Bushmeat is also a good source of nutrition. In certain rural areas of West and Central Africa, Bushmeat provides 80-90% or more of the animal protein requirements.
Prior studies on bushmeat consumption have been limited to a few cities. We conducted research with my colleagues to include urban and rural households from Ghana’s major ecological zones. Our goal was to analyze individual consumer demographics and provide insight into different consumer segments. The data could be used to create public campaigns that change consumer behaviours or promote domesticated Bushmeat as a sustainable forest management tool.
The study also revealed differences in the consumption patterns between regions. We also recommended safe meat harvesting techniques for conservationists.
Segmenting consumers and markets
The study was conducted within the three main eco-zones of Ghana. The study was born in the three main ecological zones of Ghana: high forest, transitional zone, and savannah zone. In the high forest zone, there are forest reserves that contain species important to Ghana’s biodiversity. In these areas, Bushmeat is made from a variety of wild games.
This zone is a transitional zone that has characteristics of both high forest and savannah. This is where the Techiman Market is located. It is a geographical link between Ghana’s north and south, so a lot of Bushmeat gets traded here.
We visited Sene West in the savannah area, which is a district with a large market and a National Park.
In total, we interviewed 400 consumers. We analyzed 14 variables, including age, education, and gender, as well as household size, religion, job, and religious beliefs. We also considered the people’s opinions on nutrition, taste, and disease. We also thought the availability and price of Bushmeat.
Around 67% of respondents are bushmeat eaters. The most popular Bushmeat is grasscutter (a type of canerat). Also popular were two antelope species, Maxwell’s duiker (and Black duiker).
Price, age, and religion were all factors that affected the decision not to eat bushmeat. Fear of contracting disease and eating bushmeat that was contaminated with poison influenced the amount of bushmeat consumed.
The perception of a positive taste and nutritional value were associated with consumption. The consumption of Bushmeat was higher if the meat came from a local restaurant (known as a “chop bar”) and was smoked.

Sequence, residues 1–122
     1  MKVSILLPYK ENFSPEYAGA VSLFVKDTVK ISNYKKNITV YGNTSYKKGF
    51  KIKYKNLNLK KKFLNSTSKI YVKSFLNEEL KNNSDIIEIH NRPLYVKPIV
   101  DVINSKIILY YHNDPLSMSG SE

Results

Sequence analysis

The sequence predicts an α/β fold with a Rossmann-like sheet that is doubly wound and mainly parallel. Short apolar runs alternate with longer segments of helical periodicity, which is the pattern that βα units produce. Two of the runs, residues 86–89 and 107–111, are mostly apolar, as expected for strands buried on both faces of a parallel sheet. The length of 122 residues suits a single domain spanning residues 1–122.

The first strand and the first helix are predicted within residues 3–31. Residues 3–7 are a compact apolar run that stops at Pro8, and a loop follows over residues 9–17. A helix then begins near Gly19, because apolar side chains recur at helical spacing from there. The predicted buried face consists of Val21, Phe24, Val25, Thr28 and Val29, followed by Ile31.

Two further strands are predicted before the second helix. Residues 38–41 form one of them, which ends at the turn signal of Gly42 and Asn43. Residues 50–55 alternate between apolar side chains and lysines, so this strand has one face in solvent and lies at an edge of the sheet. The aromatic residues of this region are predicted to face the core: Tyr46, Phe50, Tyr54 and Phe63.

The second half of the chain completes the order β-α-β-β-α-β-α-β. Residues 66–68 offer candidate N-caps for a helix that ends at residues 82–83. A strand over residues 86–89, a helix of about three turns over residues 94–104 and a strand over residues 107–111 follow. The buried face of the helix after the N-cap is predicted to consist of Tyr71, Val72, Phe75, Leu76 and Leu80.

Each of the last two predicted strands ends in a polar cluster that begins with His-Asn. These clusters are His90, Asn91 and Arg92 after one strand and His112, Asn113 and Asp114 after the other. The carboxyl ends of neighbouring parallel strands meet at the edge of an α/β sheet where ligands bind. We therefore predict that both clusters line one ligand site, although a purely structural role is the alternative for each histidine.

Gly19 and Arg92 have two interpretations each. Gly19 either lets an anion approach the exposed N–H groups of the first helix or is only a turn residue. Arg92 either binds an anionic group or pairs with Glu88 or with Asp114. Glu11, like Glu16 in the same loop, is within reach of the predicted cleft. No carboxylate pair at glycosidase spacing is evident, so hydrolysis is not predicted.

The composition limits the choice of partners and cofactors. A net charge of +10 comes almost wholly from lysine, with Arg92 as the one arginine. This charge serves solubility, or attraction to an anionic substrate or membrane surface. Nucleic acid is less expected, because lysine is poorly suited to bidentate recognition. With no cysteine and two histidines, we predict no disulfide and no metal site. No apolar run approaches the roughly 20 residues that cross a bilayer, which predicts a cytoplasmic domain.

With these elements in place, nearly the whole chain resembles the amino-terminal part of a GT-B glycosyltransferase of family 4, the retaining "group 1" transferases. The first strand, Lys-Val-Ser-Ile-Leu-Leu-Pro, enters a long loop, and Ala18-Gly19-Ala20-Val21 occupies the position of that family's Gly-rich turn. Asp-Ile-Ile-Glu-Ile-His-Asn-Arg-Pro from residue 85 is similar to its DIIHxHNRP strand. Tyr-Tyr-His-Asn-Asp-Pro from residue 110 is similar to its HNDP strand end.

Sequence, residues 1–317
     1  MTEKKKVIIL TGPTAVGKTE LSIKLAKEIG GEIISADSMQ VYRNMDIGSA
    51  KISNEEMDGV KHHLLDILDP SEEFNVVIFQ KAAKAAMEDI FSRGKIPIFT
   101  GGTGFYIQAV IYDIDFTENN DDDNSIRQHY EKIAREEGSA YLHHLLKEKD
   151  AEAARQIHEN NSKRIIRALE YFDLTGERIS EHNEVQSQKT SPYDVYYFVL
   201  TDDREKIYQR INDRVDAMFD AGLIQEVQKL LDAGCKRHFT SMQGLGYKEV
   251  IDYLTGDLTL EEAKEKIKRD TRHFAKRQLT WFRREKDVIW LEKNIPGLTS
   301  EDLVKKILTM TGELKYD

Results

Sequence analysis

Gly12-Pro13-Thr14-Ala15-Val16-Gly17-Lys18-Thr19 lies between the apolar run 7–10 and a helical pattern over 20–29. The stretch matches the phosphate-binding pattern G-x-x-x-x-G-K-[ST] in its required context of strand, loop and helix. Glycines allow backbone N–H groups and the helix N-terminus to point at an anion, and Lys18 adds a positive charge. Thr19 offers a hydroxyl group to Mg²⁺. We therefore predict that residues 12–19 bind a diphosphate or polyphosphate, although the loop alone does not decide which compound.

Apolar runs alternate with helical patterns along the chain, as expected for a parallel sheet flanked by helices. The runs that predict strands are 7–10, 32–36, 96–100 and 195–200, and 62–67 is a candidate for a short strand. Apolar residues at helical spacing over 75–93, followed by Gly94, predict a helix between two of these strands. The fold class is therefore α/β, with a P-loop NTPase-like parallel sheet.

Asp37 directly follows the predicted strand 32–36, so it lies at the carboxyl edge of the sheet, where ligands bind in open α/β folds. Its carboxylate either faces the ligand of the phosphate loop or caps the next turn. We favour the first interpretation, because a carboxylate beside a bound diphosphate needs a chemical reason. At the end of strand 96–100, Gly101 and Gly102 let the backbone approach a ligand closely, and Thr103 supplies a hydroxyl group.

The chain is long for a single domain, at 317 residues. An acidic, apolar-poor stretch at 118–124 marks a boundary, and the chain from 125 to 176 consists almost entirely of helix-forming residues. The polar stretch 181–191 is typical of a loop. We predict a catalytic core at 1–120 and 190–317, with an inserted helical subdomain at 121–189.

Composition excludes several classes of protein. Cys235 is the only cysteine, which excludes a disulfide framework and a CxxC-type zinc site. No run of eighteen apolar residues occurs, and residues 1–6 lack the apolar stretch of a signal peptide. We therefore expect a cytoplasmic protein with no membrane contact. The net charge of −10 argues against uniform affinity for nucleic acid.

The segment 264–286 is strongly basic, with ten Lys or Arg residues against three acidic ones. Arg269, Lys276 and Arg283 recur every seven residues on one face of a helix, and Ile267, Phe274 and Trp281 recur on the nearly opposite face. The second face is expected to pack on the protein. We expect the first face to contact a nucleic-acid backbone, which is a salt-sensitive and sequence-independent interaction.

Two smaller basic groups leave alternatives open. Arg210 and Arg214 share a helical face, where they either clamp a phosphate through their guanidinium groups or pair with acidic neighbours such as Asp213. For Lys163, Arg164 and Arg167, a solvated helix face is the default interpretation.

Except for those living in the forest zone, consumers were younger. Bushmeat consumption was lower in areas where livestock meat was readily available and more affordable. In the transitional and forest zones, people with higher levels of education were less likely than others to consume Bushmeat. In the savannah, higher education was associated with higher income and more likely consumption of Bushmeat.
Except in the savannah region, consumers did not appear to be concerned about contracting disease or eating poisonous Bushmeat.
Religion can also influence whether or not people choose to eat Bushmeat. Many Muslims demand that certain rituals be performed when slaughtering an animal, which is not done during bushmeat hunts. In the high forests, where Akan is the dominant ethnic group, certain animals are off-limits, but others can still be eaten.
Chop bars are the most popular place to buy Bushmeat. The local eateries offer a wide variety of Bushmeat.
Consumption and conservation
The results of the study revealed that, although Bushmeat is still popular among some older people, there is a new market segment dominated primarily by young people.
The study suggests that, in order to manage forests, the Forestry Commission of Ghana’s Wildlife Division enforces laws that only authorized chop-bar operators can sell Bushmeat throughout the different ecological zones. This is especially true for the transition zone.
To prevent over-harvesting, the public and operators of chop-bars should be informed about purchasing wild game from licensed bushmeat hunters or sellers.
The meat should be safe for consumption while maintaining the flavor. To reduce the risk of disease spreading from animals to humans, they should not use poisons in harvesting or follow good husbandry practices.
The marketing of domesticated wild game should be targeted at the younger consumer group, as they tend to be less price sensitive and more likely than older consumers to purchase in large quantities. These consumers might be attracted by a modern marketing approach (such as digital advertising).